Spain is very rich and diverse in languages: catalan, galician and basque are official languages in those region but spanish is official in the whole country
The 1978 Spanish Constitution recognizes the linguistic diversity in Spain in Article 3.3 where it states: “The richness of the linguistic varieties in Spain is a cultural heritage that will receive special respect and protection”. The Francoist regime tried to impose a unifying language policy by initially prohibiting and later hindering the use of all languages other than Spanish in Spain. As a result, speakers of these regional languages were forced to use them behind closed doors, in the safety of their own home and among close friends; impeding the language’s effectiveness to transmit culture.
The languages survived the situation thanks to the tenacity of some private institutions that continued studying and promoting their use; with special focus paid to preserving the family tradition of speaking the local language.
Officially, several Autonomous Communities in Spain have legal statutes providing protection to a number of different languages in Spain:
- The Principality of Asturias (Autonomous Community since 1981) Statute states: “The Bable (an Asturian dialect) language will be protected. Its use will be promoted by the media and educational institutions, with respect for the local variations and voluntary will to learn.” Although Bable is not an official language, it is protected by the Autonomous Community of Asturias. It is important to note that the language is not spoken only in Asturias but also in the regions of Leon and Zamora, reaching as far as Miranda do Douro in Portugal.
- The Statute of the Autonomous Community of Aragon, approved in 1982, states that: “The linguistic variations of Aragon will be protected and are considered elements of the region’s cultural and historic heritage.” This became legal with the Aragon Language Act of 2009 which refers to Aragonese and Catalan as “original and historic native languages” of the Aragon, although it does not declare them as official languages.
- The Article 7.1 of the Statue of Valencia Autonomous Community (which includes the provinces of Alicante, Castellon and Valencia) reads: “The two official languages are Valencian and Castilian; every person has the right to know and use them.” A linguistic conflict exists between the Valencian and Catalan languages because those from Valencia insist that their language is a unique language while Catalan people advocate that the Valencian language is simply a regional dialect of Catalan. In any regard, in Valencia this topic is still a delicate issue.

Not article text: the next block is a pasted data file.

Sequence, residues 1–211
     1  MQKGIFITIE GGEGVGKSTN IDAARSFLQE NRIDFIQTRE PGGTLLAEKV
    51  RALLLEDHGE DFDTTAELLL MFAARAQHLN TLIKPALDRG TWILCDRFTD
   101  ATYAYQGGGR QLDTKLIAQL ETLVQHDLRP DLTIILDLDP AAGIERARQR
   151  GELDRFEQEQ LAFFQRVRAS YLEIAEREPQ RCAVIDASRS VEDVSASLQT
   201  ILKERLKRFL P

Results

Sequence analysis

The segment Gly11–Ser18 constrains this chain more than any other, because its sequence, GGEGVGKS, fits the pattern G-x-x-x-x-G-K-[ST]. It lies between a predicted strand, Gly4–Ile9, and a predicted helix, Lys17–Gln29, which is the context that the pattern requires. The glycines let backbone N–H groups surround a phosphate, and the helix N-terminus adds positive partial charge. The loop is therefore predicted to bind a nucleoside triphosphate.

- Other interesting linguistic cases exist in Spain such as that of Aranese, a variety of the Occitan language spoken in the Northwest of Lleida. It has been recognized as an official language since 2006 by the Catalan Statute.
In addition to the linguistic variations in Spain that enrich the country it is interesting to note certain dialects of Castilian that have developed their own unique features. This is most obvious in different parts of Andalusia. In Western Andalusia the language spoken shares many characteristics with Latin American Spanish. This is due to the fact that the majority of the Spanish settlers to the New World were from this region. Another interesting case is found in the Canary Islands where the linguistic influence of the Spanish from western Andalusia, Portuguese and English is evident. This mixture of influences reflects the Canary Island’s geographical position as a common historical stopping spot during overseas travel between America and Europe.
Then there is the curious case of the Castúo language spoken in parts of Extremadura. The language features influences from both the Leonese and the Riojan dialects which reflects the region’s location with Aragon influence from the east, Basque influence from the north and Leon from the west.
The linguistic situation in Spain, as detailed in this article, is very rich and diverse. However, it is important to note that, despite all of these variations, Castilian is still the most commonly used and the unifying language of the whole Spanish territory.